By April Bailey
In 2011, Dr. Karen S. Sibert, an anesthesiologist in California, wrote a controversial opinion piece for the New York Times, declaring that “physicians cannot have it all” and that medicine is not meant to be a part-time interest. Many disagreed, arguing that doctors can and do have lives outside work and have been achieving healthy balances for years.
Having made it through medical school, you likely already know a thing or two about the survival skills it takes to make it through rigorous programs. Continuing to develop these skills will enable you to make it through the demanding years of residency while maintaining some semblance of balance.
Here are a few tips—which draw on advice from the American Academy of Family Physicians, Residency Secrets, the American Medical Association and the Association of American Medical Colleges—to help you develop a healthy work-life balance as a new doc:
- Manage your time intentionally: Take advantage of time off as an opportunity to rest—even when it’s tempting to try to catch up on work.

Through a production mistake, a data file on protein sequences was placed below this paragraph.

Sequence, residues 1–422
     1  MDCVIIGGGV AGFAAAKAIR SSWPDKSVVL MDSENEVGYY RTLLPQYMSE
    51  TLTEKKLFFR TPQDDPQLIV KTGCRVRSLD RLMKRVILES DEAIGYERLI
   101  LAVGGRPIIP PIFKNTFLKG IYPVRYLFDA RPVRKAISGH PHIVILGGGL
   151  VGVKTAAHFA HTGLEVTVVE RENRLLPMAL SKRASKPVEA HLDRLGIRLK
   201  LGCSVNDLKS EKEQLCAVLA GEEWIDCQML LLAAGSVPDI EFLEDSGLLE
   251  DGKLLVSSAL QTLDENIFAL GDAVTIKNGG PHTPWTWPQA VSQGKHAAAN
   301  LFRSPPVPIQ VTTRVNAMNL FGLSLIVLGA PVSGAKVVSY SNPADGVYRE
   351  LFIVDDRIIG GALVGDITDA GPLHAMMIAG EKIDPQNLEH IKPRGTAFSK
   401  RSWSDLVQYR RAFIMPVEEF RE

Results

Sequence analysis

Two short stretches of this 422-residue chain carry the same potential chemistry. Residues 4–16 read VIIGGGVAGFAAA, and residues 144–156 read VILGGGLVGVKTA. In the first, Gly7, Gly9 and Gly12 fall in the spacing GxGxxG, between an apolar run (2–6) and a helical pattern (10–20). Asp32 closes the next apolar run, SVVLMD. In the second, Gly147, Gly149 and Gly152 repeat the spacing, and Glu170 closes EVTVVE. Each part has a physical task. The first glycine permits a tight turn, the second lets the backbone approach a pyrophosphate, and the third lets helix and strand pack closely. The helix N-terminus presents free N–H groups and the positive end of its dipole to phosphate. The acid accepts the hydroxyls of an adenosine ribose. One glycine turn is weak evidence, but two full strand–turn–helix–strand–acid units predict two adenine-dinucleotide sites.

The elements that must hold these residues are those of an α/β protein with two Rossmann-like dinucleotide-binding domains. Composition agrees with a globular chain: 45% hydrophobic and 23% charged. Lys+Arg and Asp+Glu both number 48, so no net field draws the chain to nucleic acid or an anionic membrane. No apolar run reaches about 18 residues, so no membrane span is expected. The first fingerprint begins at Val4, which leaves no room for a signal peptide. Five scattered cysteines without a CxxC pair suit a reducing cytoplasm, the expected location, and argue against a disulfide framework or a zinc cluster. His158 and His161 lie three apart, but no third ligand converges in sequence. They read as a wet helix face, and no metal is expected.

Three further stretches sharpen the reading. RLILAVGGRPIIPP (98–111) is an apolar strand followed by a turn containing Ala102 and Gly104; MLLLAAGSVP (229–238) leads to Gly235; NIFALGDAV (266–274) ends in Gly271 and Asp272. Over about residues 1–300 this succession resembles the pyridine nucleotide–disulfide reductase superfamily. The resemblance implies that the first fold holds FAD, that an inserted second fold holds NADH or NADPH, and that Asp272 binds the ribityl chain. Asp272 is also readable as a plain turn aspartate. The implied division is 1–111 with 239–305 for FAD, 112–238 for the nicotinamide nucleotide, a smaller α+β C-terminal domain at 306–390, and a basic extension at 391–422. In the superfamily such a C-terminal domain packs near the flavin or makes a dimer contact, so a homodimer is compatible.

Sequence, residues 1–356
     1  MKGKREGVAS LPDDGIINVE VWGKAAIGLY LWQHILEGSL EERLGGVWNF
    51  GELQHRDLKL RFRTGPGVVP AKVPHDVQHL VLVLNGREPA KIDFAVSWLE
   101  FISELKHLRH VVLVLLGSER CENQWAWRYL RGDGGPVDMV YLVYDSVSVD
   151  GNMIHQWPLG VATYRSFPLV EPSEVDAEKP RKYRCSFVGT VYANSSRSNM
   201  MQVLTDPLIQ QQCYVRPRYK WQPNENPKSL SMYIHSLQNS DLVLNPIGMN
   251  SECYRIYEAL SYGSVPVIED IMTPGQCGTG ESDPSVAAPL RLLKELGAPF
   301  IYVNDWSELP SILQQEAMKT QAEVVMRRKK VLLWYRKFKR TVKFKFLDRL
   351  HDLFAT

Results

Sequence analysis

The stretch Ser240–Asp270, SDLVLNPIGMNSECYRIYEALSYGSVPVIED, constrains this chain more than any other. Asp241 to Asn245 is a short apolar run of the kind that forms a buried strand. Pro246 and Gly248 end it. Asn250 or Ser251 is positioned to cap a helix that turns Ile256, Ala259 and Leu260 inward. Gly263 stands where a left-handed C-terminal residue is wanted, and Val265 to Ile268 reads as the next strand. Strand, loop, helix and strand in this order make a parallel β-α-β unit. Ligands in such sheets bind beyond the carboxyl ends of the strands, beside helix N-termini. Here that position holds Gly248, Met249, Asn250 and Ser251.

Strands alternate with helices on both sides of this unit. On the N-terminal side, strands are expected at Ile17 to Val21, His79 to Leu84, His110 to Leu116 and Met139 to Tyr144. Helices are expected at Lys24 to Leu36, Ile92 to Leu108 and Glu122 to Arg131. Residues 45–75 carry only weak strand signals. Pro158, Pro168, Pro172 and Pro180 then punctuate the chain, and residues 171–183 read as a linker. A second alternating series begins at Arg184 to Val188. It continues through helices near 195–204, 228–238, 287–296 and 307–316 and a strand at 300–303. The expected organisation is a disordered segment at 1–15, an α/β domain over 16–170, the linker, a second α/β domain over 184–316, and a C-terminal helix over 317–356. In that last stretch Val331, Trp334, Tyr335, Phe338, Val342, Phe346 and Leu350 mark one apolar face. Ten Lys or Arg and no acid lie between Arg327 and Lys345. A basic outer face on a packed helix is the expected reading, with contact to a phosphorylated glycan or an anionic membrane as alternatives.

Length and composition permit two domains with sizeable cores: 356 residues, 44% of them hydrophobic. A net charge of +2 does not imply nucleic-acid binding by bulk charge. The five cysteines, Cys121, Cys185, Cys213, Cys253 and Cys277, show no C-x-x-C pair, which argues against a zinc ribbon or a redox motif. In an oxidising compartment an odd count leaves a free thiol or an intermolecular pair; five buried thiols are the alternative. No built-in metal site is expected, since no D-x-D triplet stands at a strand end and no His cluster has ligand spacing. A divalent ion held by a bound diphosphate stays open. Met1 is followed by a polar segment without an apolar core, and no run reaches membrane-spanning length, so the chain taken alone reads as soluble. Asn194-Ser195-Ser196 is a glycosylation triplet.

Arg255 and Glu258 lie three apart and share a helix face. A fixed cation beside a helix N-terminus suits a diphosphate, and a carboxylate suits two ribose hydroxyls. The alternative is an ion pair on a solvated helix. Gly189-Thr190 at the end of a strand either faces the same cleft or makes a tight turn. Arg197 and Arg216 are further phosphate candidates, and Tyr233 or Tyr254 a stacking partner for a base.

- Ask for help: Independence is important, but don’t let the desire to be independent make you too proud to ask others for help when you need it.
- Foster relationships: Building on the last tip—it may be impossible to get help if you burn bridges with colleagues. No one will want to switch shifts with the resident who has a reputation for not playing nice.
- Take a minute to stay in touch: Your loved ones know you’re busy, but don’t forget to take 60 seconds here and there to send short texts or emails to let them know they’re on your mind. Receiving texts in return can brighten your own long days.
- Choose your friends wisely: When you’re away from work, try not to discuss work constantly. To ensure this happens, try befriending some individuals who work in other fields.
- Leave it at the hospital: Don’t make a habit of bringing your work home. Everyone can benefit from a post-shift vent session every so often, but if it becomes a daily habit, your irritable mood can rub off on those around you.
- Say no and accept it: Early in residency, it’s tempting to try to make a good first impression by accepting every opportunity that comes your way. But, frankly, you don’t have time to participate in everything; it’s okay to say no.
- Be strategic with your leave time: Planning your time off strategically will help ensure you’re able to use it the way you hope to.
- Exercise and eat healthy: If you squeeze in exercise when you can, you’ll reap the many benefits it brings—energy, more immunity to illnesses and the sense of being mentally refreshed.
Though it will take time to develop a healthy work-life balance, do not be discouraged. You have what it takes to survive and thrive in residency.
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